house, he found Levin in the garden, where he was walking about
waiting for his guest's departure. "Mais c'est ridicule! What
fly has stung you? Mais c'est du dernier ridicule! What did you
think, if a young man..."

But the place where Levin had been stung was evidently still
sore, for he turned pale again, when Stepan Arkadyevitch would
have enlarged on the reason, and he himself cut him short.

"Please don't go into it! I can't help it. I feel ashamed of
how I'm treating you and him. But it won't be, I imagine, a
great grief to him to go, and his presence was distasteful to me
and to my wife."

"But it's insulting to him! Et puis c'est ridicule."

"And to me it's both insulting and distressing! And I'm not at
fault in any way, and there's no need for me to suffer."

"Well, this I didn't expect of you! On peut etre jaloux, mais a
ce point, c'est du dernier ridicule!"

Levin turned quickly, and walked away from him into the depths of
the avenue, and he went on walking up and down alone. Soon he
heard the rumble of the trap, and saw from behind the trees how
Vassenka, sitting in the hay (unluckily there was no seat in the
trap) in his Scotch cap, was driven along the avenue, jolting up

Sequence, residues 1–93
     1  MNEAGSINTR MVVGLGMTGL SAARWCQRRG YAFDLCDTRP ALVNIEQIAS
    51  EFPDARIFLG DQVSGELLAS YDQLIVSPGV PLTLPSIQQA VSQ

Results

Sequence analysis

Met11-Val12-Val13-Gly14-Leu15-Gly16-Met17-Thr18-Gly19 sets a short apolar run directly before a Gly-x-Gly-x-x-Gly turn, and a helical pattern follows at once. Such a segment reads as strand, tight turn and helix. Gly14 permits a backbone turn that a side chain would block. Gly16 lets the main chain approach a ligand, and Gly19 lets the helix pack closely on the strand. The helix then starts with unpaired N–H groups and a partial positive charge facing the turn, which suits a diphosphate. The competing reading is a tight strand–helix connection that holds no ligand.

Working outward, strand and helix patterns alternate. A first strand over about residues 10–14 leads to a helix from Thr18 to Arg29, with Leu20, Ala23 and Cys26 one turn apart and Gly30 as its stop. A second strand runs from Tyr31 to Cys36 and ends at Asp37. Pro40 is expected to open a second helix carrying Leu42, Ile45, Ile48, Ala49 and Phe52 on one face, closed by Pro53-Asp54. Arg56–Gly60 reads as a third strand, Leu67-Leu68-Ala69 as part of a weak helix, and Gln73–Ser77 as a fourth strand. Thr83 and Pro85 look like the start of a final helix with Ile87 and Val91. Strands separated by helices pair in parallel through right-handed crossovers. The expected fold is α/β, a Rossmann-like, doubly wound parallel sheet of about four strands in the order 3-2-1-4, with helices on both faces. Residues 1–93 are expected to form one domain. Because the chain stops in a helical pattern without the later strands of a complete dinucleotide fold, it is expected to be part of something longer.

and down over the ruts.

"What's this?" Levin thought, when a footman ran out of the house
and stopped the trap. It was the mechanician, whom Levin had
totally forgotten. The mechanician, bowing low, said something
to Veslovsky, then clambered into the trap, and they drove off
together.

Stepan Arkadyevitch and the princess were much upset by Levin's
action. And he himself felt not only in the highest degree
ridicule, but also utterly guilty and disgraced. But remembering
what sufferings he and his wife had been through, when he asked
himself how he should act another time, he answered that he
should do just the same again.

In spite of all this, towards the end of that day, everyone
except the princess, who could not pardon Levin's action, became
extraordinarily lively and good humored, like children after a
punishment or grown-up people after a dreary, ceremonious
reception, so that by the evening Vassenka's dismissal was spoken
of, in the absence of the princess, as though it were some remote
event. And Dolly, who had inherited her father's gift of
humorous storytelling, made Varenka helpless with laughter as she
related for the third and fourth time, always with fresh humorous
additions, how she had only just put on her new shoes for the
benefit of the visitor, and on going into the drawing room, heard
suddenly the rumble of the trap. And who should be in the trap
but Vassenka himself, with his Scotch cap, and his songs and his
gaiters, and all, sitting in the hay.

"If only you'd ordered out the carriage! But no! and then I
hear: 'Stop!' Oh, I thought they've relented. I look out, and
behold a fat German being sat down by him and driving away....
And my new shoes all for nothing!..."



Anna Karenina by Leo Tolstoy
Category:
Fiction - Russian literature